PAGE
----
Friday, April 16, 2010

The Terracotta Army - Was that really necessary Emperor Qin?

Wow - we have not had much luck with the weather when it comes to seeing the major sights! When we took the cable car to see Mt Fuji it was foggy, when we went to see the Great Wall it was raining and when we went to see the Terracotta Army it snowed! It was freezing, so we had to bring out the gloves and beanies, however the snow covering everything was very pretty and it kept the crowds to a minimum.

It is fairly easy to go to the Terracotta Army museum without a tour, however we thought that for once it would be nice to have someone just pick us up and drop us off (it was organised by the hostel). The tour was quite cheap, being only about $2 more than going by ourselves.

It turned out well. The english-speaking guide was very knowledgeable and there was a good group of about 6 other people who we got along with really well. In fact, after the tour we got the bus to drop us all of in the Muslim quarter and went and had lunch together (Muslim quarter is a must see and very cheap - lunch was less than $2 each). It was great fun!

At first we were a bit apprehensive, as on the way to the museum the bus stopped off at a place where we could see how the figures were made and 'buy the best quality replicas'. Tour groups have a bad habit of making unannounced stops to try and get customers to buy stuff (we had a similar experience in Bali), so some of us were not too impressed. However, it was actually really informative and another english-speaking guide took us around the workshop and explained the process to us while we watched people making things out of clay and porcelain. We learnt all kinds of things like that the warriors are actually hollow except for the legs, that all of the faces were sculpted individually so that no two are the same and that they were fired in a kiln at about 1,000 degrees. 

When we got to the museum we were surprised to discover that it is not all under one roof! There are three main buildings which house the three excavated pits, one building were they play an introductory film and another building which houses some other pieces discovered in the excavation such as a couple of bronze chariots complete with horses and drivers.

Another thing is that the buildings are a good 20 minutes walk from the main entrance gate! We all took a 12-seater golf-buggy thing instead which cost 5yuan.

Firstly we went into the building with the bronze chariots (except only one was real, the other one is currently in Shanghai for the Shanghai Expo) which was ok, except most of the exhibits were replicas only. There was also some enormous marionettes that were apparently used in the opening ceremony of the Beijing Olympic Games, one of a terracotta warrior and one of a young girl. They were a bit creepy.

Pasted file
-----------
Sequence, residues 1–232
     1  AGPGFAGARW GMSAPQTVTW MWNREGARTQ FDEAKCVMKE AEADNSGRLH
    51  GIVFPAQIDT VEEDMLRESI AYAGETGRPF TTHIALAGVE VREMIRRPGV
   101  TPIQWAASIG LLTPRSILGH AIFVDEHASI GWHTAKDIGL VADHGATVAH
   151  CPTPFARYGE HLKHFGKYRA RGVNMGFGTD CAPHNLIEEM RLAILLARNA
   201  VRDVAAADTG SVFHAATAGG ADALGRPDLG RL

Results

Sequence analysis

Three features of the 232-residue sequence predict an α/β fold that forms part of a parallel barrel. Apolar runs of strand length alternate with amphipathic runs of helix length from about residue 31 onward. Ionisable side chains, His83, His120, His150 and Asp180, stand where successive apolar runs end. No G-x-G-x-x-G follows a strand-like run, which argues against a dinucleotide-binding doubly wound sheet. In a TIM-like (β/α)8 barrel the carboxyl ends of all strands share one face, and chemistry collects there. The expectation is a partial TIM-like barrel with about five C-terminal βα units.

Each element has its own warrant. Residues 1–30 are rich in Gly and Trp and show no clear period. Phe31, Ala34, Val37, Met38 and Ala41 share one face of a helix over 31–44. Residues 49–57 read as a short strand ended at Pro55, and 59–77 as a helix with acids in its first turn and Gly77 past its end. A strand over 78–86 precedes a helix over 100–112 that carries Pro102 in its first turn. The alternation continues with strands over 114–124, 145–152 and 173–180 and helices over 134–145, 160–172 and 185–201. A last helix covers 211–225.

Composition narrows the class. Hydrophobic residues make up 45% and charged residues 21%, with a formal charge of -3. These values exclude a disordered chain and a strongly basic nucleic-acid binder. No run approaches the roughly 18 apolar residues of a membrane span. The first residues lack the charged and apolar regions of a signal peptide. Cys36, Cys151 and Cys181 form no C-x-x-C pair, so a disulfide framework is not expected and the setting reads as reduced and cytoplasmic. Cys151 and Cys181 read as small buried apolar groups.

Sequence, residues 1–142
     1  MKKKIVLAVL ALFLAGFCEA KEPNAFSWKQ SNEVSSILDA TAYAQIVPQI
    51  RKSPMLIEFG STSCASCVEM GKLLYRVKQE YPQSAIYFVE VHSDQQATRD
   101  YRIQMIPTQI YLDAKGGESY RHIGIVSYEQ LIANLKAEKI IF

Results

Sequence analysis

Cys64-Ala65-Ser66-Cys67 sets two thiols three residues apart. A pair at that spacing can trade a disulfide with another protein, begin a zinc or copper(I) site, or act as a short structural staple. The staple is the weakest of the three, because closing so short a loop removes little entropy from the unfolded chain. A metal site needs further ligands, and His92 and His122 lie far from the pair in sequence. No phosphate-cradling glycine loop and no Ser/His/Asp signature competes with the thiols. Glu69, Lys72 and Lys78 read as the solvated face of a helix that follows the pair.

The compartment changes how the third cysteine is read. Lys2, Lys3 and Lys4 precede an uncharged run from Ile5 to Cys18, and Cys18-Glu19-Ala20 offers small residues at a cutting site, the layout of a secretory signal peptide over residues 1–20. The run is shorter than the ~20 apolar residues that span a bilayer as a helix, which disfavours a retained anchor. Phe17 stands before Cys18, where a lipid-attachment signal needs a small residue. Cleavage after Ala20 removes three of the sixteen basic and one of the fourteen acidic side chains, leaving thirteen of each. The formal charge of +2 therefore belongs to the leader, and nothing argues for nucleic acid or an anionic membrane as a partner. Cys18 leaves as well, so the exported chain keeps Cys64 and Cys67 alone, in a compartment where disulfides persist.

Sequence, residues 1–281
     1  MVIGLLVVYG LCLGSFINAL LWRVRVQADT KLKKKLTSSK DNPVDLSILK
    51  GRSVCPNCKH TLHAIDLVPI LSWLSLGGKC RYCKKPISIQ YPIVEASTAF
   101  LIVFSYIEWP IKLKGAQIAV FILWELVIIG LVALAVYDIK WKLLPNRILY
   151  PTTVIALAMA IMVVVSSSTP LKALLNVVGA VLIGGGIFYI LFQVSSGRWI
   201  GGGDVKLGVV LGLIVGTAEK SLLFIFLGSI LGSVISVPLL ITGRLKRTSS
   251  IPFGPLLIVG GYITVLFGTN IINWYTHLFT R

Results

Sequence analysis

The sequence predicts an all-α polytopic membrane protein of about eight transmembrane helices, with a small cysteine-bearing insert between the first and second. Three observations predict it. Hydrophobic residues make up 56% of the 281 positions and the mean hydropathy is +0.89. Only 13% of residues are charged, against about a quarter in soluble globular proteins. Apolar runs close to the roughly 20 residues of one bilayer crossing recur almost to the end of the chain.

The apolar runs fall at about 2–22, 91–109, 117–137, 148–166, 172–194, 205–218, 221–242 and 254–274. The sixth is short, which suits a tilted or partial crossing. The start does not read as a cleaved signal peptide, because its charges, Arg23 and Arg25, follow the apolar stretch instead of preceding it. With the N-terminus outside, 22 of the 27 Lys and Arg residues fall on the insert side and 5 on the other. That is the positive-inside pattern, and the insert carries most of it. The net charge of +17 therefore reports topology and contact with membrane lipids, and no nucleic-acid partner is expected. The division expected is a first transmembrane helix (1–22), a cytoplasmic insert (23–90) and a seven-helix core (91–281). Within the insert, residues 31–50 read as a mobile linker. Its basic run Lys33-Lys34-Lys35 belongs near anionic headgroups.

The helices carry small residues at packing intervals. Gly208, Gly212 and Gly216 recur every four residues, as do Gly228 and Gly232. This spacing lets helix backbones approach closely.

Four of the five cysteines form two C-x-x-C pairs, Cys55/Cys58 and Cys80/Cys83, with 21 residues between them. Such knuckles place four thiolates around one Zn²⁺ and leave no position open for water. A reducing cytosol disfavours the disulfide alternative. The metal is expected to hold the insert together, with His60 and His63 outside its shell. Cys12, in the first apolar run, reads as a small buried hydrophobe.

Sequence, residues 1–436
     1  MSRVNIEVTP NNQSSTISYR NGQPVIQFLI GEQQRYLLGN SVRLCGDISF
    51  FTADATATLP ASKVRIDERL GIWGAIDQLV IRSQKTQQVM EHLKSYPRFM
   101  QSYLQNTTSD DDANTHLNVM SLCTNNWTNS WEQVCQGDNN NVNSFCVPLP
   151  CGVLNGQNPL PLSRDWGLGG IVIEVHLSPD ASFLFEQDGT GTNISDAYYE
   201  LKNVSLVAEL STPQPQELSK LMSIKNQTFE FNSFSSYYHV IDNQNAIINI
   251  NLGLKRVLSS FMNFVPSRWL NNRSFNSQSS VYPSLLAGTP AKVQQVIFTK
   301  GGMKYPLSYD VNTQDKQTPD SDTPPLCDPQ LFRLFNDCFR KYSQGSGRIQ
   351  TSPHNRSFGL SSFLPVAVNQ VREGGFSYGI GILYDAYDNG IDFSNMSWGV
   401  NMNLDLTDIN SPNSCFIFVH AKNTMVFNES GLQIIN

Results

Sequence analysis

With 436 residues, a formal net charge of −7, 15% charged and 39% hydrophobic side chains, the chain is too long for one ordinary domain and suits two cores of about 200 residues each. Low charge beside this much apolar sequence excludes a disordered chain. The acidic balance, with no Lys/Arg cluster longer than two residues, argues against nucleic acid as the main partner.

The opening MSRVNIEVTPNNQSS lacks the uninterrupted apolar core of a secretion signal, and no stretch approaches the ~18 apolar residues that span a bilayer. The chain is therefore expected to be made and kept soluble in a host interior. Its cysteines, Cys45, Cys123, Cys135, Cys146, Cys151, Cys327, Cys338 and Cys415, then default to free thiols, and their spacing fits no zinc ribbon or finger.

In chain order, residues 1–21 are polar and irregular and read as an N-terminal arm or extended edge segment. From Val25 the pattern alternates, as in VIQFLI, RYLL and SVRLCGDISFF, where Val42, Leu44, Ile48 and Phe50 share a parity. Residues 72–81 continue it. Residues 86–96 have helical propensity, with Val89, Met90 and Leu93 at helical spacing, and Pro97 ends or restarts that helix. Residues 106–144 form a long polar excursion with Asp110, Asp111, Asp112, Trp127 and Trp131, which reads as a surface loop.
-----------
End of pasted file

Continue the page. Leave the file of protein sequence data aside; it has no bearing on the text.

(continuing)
Then we saw the introductory film which was very interesting. Through the film and the tour guide we learnt heaps of interesting facts, like that the tomb was made for Emperor Qin, who was the first emperor of China. In fact, that is where we get the name 'China', from the fact that the first line of emperors were from the Qin dynasty (Qin is pronounced Chin). Also, this Qin-guy unified the country for the first time by pretty much waging war on the other kings and then pronouncing himself as ruler. He also started the process of joining together and fortifying all of the walls to make the Great Wall of China. 

He was so chuffed with himself that he wanted the biggest, most ridiculous tomb of all time. Apparently it took nearly 40 years to complete and at one time conscripted over 700,000 workers! In fact, at one time this represented about 10% of the population which severely affected the economy for ages afterwards.

The actual construction process was way ahead of its time. They used chrome plating on the bronze weapons which was extremely advanced technology which was not discovered again for another 2,000 years. Emperor Qin also introduced a rather unique but effective method of quality control. By forcing the artists to engrave their name and village on each piece that they made, it ensured that they would do a good job, because if they didn't they would be easily tracked down and have to face the consequence of their shoddy work.

Pit 1 is absolutely enormous, the photo above does not do it justice. It took about half an hour to walk around (while taking photos). This is where most of the warriors are (Pit 2 has mainly archers and Pit 3 is where the officers are located). Pit 1 is set out as follows: the front part of the pit is excavated and the warriors have been restored, the middle part shows you how the warriors look when they are first excavated (i.e. broken into hundreds of pieces) and the back section shows you the restoration process.

We were a bit disappointed when we got to Pit 2, as it remains largely un-excavated. However, this is apparently to preserve the relics for future generations which we thought was a really cool idea. 

It really has to be seen to be believed, and I wish that I could go back in another 100 years to see what else they have uncovered. The actual burial mound is still un-excavated, again in order to preserve it. According to the surviving records it was pretty spectacular, including rivers of mercury. This sounds a bit far-fetched but they have reported unusually high levels of mercury in the soil so you never know!

Along with the Great Wall and Mt Fuji, this has to be one of the most amazing sights that we have seen so far, and was definitely worth the 1,000km trip from Beijing.

1 comment:

  1. Hi guys

    I have been unable to check the blog site for a week and I think I actually had withdrawals!!! So glad to be back, and I have really enjoyed catching up today. The places and experiences you are having are so wonderful. Glad to hear you are both safe, well and happy............Where to next I wonder???